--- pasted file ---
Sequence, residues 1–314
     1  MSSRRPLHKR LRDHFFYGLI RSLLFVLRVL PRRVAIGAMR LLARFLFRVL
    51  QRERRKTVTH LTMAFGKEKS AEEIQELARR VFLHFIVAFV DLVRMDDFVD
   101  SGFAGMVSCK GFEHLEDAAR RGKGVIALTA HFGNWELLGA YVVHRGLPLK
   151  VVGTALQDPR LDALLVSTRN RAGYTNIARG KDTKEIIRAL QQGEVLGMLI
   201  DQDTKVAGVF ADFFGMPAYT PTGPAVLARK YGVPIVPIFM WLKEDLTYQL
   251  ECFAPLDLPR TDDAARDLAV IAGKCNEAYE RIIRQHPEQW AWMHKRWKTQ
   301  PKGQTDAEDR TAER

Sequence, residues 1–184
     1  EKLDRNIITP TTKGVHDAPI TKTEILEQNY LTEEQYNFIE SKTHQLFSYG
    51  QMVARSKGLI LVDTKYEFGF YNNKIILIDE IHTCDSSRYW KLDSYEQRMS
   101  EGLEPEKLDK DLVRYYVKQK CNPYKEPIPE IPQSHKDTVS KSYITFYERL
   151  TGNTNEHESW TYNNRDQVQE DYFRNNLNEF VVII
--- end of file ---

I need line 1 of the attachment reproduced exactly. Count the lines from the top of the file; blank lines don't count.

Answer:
Sequence, residues 1–314